As shown in FIG. 1, the error correction keylever 13 is linked to an arm 29 connected to rock a control shaft 27. Also rigidly connected to the control shaft 27 is an arm 28 which is connected by a link 31 to a crank 32 which in turn is linked to a forked error correction ribbon vibrator 33 whereby depression of the error keylever 13 will cause the error correction ribbon vibrator 33 to elevate to position the guided error correction ribbon 34 in the path of the type faces 35 on the typebar 11. In accordance with the invention, the upper and lower case type faces 35 are blank type faces of the size of a full character space as will overlap a typed character, thereby, where the error correction ribbon 34 carries white transfer material, to cover over a typed character with white ink, or, where the error correction ribbon 34 carries adhesive material, to pull off a typed character. To enhance erasure, the blank type faces 35 may be finely serrated with serrations.
As shown in FIG. 1, the control shaft 27 also rigidly carries another arm 36 which is linked to pull down a backspace keylever 37 whereby a conventional backspace action will be initiated. The connection to the backspace keylever 37, shown as a spring 38, will allow the backspace keylever 37 to be depressed with no effect on the control shaft 27.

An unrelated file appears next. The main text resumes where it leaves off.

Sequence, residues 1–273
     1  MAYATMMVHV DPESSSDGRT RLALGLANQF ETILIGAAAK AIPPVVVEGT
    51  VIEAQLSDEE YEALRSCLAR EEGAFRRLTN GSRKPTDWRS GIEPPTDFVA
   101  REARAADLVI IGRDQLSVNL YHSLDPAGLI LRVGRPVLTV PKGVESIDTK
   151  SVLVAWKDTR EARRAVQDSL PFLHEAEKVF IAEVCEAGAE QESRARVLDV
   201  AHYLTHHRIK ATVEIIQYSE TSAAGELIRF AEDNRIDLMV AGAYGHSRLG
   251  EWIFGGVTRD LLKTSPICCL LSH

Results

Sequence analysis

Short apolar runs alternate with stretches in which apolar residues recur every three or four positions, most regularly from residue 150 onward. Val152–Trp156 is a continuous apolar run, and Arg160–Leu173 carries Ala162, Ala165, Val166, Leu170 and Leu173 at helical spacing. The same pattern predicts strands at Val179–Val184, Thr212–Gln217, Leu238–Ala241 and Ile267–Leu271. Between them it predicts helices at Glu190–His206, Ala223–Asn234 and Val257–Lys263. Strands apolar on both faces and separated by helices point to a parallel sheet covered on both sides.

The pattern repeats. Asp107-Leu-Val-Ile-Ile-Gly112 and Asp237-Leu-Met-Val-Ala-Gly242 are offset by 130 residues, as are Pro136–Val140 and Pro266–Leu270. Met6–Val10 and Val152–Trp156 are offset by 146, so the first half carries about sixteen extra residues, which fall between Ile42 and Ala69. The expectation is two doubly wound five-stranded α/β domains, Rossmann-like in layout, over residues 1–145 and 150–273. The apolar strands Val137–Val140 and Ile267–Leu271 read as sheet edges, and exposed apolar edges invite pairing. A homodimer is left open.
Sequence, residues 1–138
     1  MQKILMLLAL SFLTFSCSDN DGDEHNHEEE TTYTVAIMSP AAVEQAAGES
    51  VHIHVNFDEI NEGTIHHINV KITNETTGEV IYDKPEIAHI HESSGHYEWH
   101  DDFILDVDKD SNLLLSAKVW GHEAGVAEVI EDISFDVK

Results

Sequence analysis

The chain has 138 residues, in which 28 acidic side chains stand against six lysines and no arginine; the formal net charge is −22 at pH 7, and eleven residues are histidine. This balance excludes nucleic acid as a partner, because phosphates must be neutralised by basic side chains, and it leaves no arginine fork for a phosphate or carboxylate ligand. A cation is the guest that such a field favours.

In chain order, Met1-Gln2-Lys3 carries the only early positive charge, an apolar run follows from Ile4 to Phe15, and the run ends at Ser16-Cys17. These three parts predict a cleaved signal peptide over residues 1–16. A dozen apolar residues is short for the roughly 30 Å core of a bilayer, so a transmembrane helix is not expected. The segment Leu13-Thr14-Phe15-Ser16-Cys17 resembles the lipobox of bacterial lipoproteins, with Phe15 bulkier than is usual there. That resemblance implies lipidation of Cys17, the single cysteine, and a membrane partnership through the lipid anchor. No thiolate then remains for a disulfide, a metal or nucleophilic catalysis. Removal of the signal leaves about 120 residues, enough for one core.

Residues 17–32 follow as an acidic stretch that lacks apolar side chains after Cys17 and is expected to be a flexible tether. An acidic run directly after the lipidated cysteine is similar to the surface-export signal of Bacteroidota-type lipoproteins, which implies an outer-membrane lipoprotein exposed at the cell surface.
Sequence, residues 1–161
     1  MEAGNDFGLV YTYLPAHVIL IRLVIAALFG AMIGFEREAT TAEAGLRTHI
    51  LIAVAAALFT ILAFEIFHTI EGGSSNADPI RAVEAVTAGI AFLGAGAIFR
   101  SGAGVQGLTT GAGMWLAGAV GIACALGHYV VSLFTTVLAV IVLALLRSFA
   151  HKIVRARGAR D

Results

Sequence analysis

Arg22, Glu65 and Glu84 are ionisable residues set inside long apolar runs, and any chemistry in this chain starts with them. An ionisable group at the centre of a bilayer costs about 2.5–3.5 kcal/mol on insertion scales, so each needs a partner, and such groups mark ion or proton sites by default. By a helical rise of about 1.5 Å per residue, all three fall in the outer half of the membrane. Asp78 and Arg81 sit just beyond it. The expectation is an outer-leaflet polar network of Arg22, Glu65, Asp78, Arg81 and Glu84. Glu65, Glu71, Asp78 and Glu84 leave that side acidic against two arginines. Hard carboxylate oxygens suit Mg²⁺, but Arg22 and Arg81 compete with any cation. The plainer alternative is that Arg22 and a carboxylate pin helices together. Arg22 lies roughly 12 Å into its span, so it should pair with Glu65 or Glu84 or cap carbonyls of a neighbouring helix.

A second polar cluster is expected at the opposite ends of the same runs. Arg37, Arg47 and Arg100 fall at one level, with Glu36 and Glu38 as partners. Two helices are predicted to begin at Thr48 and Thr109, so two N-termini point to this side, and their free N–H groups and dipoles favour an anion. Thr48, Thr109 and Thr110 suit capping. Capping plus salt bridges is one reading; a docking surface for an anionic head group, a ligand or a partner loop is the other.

As shown, the backspace keylever 37, pivoted as at 41, has a depending foot 42 which, when the backspace keylever 37 is depressed, will rock a trip lever 43 clockwise about its pivot 44. The rear end of the trip lever 43 is formed with an upper offset primary stop 45 and a lower secondary stop 46 spaced rearwardly of the primary stop 45. In the rest position shown, the primary stop 45 lies in the path of a pin 48 on a cam 51 rotatably mounted eccentrically on a pivoted sublever 52 and biased to rotate into engagement with the power roll 18 when released, thereby to oscillate the sublever 52 about its pivot 53. The secondary stop 46 is to arrest the cam 48 following completion of a backspace action should the backspace keylever 37 be still depressed to a first limit thereby to preclude a repeat action. Should the trip lever 43 be rocked further clockwise as to move the secondary stop 46 out of the path of the pin 48 on the cam 51 as when the backspace keylever 37 is pulled to a second limit position, via the control shaft 27, when the error correction keylever 13 is depressed to a second limit, repeat backspace actions will ensue.